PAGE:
“Cancel Culture” is not Censorship

I once knew a libertarian who believed individual companies should be able to decide who they serve. If, for example, a wedding cake company didn’t want to make a cake for a same-sex couple, his opinion was that they shouldn’t have to. So why is it, then, that these same people go all to pieces if a company such as Twitter chooses to de-platform somebody for being racist or inciting a riot? Is that not just a company acting as an autonomous entity in the free market?

We consider it perfectly ok for a store, for example, to ban an individual for stealing, causing a ruckus or screaming hate speech. Why can’t a media platform ban an individual for going against the rules? Besides, it would be far worse if they were banning someone for being part of a specific culture or sexuality. Banning a whole community of innocent people due to a culture would be wrong, but banning a problematic individual is justified. 

Another point: If someone was working at a company that mistreated them, a libertarian would say, “Find a new job,” Likewise, those who have been “cancelled” can find a new platform.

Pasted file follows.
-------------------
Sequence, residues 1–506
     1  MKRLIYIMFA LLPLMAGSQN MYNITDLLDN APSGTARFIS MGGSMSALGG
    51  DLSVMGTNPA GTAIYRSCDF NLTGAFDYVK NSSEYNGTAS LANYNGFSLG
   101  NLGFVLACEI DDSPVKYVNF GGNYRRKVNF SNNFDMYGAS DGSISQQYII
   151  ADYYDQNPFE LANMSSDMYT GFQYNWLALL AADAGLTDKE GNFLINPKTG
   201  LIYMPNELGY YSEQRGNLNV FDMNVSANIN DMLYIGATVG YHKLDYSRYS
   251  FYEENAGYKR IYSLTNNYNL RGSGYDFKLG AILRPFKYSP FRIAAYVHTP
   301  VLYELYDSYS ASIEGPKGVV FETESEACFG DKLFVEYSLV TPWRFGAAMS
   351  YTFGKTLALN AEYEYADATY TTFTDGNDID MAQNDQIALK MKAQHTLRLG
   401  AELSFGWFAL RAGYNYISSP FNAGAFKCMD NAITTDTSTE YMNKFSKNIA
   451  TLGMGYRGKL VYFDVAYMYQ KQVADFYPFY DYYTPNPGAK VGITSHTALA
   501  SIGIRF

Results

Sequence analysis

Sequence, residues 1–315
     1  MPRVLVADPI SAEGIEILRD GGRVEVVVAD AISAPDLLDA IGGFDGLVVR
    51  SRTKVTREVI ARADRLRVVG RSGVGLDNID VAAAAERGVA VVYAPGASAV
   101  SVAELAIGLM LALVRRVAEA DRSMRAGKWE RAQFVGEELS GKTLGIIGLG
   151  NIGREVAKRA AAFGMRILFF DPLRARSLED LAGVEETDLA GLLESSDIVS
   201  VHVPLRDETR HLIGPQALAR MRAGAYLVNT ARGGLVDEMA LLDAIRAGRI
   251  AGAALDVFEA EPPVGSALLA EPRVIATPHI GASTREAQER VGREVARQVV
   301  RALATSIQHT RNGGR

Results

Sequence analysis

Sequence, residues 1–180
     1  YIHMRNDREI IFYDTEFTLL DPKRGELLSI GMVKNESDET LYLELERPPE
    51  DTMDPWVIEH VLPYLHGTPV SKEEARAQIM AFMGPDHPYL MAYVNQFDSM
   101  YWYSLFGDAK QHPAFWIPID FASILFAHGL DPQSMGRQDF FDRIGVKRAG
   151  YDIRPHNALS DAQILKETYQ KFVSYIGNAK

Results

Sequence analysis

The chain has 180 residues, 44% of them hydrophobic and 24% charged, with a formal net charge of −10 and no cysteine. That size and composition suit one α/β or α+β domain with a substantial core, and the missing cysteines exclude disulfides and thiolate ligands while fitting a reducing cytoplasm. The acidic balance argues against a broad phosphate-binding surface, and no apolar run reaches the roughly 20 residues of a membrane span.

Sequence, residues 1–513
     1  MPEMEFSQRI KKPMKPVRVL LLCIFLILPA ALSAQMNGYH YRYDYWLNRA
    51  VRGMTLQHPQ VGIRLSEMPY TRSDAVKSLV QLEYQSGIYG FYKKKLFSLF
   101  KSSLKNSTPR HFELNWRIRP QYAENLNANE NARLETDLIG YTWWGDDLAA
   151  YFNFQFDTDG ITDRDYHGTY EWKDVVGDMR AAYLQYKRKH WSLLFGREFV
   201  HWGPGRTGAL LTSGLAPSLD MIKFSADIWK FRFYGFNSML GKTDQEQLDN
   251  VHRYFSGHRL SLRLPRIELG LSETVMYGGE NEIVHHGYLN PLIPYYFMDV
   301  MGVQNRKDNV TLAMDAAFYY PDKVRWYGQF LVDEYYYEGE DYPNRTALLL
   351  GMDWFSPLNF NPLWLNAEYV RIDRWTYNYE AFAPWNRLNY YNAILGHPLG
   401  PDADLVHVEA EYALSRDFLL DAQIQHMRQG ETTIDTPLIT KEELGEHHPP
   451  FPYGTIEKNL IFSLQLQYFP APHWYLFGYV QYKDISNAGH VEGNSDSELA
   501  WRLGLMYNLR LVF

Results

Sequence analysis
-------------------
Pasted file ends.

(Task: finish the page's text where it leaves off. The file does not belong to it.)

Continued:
But most importantly, cancelling is not the same thing as censorship. In fact, some companies choose to cancel their own media if they later decide it is problematic. Take the Dr. Seuss books for example. There were a few books that were problematic and Dr. Suess’s estate decided on their own to take the books off the shelves. No outside entity censored Dr. Seuss. But even if the publishing company had been the one to make the decision to stop printing the books, that is not the same thing as censorship. It is one company making a decision that they have a right to make. Censorship, rather, would be if Dr. Suess’s books were outlawed and I’m pretty sure that has not happened. 

Published by Hildaodinsbjorn

I am a universalist heathen and devotee of Odin. My interests include music, politics, magical studies, fiction, and nonfiction.

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